Former NJ Senate President and Atlantic City Ally Stephen Sweeney Mounts Gubernatorial Bid

Posted on: December 12, 2023, 08:42h. 

Last updated on: December 15, 2023, 10:19h.

Stephen Sweeney, the longtime New Jersey lawmaker who was a political newcomer, shockingly defeated during the 2021 election, is mounting a comeback with his eyes set on the highest office in the Garden State.

Stephen Sweeney New Jersey Atlantic City
Former New Jersey Senate President Stephen Sweeney shakes hands with former Gov. Chris Christie on Jan. 21, 2014. Sweeney is seeking the state’s highest office in 2025. (Image: The Star-Ledger)

Sweeney served as president of the New Jersey Senate from 2012 until January 2022, when he was forced out of office after losing to state Sen. Edward Durr (R-Gloucester), a little-known truck driver who spent just $153 on his campaign. The shocking upset made national news.

Sweeney assured South Jersey voters his political career wasn’t finished after the defeat. This week, he announced his 2025 gubernatorial campaign to succeed term-limited Gov. Phil Murphy (D).

Sometimes in life, you face setbacks,” Sweeney said in a social media video. “But New Jerseyans get up, we dust ourselves off, we get back to work, because that’s who we are. I will always put New Jersey’s kids, working families, and seniors first. You know that’s who I’ll fight for because that’s who I’ve always fought for.”

Sweeney was also a devout fighter for the Atlantic City gaming industry and regularly pushed for legislative issues that he believed were in the best interests of the beachfront casino town.

Atlantic City Advocate

During his time in state office, Sweeney championed measures designed to improve Atlantic City. He opposed efforts to force the casinos to go smoke-free on industry suggestions that such a regulation would hurt the gaming business and lead to massive layoffs.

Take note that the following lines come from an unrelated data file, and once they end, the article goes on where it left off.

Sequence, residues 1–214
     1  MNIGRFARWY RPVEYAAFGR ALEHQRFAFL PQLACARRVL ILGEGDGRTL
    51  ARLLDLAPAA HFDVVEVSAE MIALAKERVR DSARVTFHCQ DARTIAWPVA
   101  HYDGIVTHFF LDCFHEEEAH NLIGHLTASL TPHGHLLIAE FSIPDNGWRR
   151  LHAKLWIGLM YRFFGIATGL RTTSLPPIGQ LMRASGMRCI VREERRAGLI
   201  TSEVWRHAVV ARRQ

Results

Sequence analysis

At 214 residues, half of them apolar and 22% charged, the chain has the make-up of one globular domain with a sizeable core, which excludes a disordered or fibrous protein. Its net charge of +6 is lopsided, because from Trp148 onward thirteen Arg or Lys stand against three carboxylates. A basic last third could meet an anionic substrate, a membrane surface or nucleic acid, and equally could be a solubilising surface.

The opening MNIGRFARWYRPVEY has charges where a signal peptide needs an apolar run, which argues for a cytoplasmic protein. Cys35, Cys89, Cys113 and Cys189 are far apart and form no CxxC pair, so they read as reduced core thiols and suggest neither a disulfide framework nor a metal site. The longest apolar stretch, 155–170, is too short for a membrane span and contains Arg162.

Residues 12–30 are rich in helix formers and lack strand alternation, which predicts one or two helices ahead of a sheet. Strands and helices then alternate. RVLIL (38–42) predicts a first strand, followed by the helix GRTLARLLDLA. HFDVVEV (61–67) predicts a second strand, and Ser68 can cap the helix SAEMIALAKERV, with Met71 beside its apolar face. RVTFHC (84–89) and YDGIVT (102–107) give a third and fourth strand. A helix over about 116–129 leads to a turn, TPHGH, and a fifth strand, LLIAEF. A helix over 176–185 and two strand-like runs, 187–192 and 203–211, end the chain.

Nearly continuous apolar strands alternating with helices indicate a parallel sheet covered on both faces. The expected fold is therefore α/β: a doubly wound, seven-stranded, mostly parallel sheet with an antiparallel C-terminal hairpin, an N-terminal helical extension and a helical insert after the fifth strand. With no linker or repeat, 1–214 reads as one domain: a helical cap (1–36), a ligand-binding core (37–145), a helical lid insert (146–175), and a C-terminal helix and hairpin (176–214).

In 2016, Sweeney authored the PILOT (Payment in Lieu of Tax) bill that withdrew property taxes on the city’s casino resorts in exchange for an annual minimum collective payment of $120 million. The PILOT program came after five casinos closed between 2014 and 2016, causing the remaining resorts to contest their assessed property tax valuations.

Those legal challenges suspended property tax payments and resulted in the local government being unable to fund critical programs like its police and fire departments.

The PILOT scheme calculates the casinos’ property tax responsibility based on annual gross gaming revenue (GGR). Before leaving office, Sweeney pushed legislation that reduced those payments by removing GGR from iGaming and online sports betting from the calculation. The casinos petitioned Sweeney that much of the GGR generated via the internet is shared with third-party operators like DraftKings with little or no physical presence in the beach town.

Atlantic County, receiving 13.5% of the PILOT money, fought against the bill. A compromise was reached where the state guaranteed the full amount of PILOT money the county would have received if iGaming and online sportsbook revenue were to remain in the calculation.

Bipartisan History

Sweeney is a self-described moderate Democrat. His time in Trenton included bipartisan moments, specifically when he and then-Gov. Chris Christie (R) teamed up to oversee Atlantic City’s governance.

In 2016, Christie and Sweeney initiated the state’s coup of Atlantic City to stabilize the region after the five casinos closed. Teetering on the edge of bankruptcy because of runaway expenses, high taxes, and poor governance, the state’s two most powerful lawmakers said Trenton would steady the city over five years.

The takeover, however, remains in place more than seven years after it began. Murphy extended the state’s control of Atlantic City in 2021 through at least 2025.

“We still think they need help,” Sweeney said at the time of the extension. He added that “huge strides” had been made.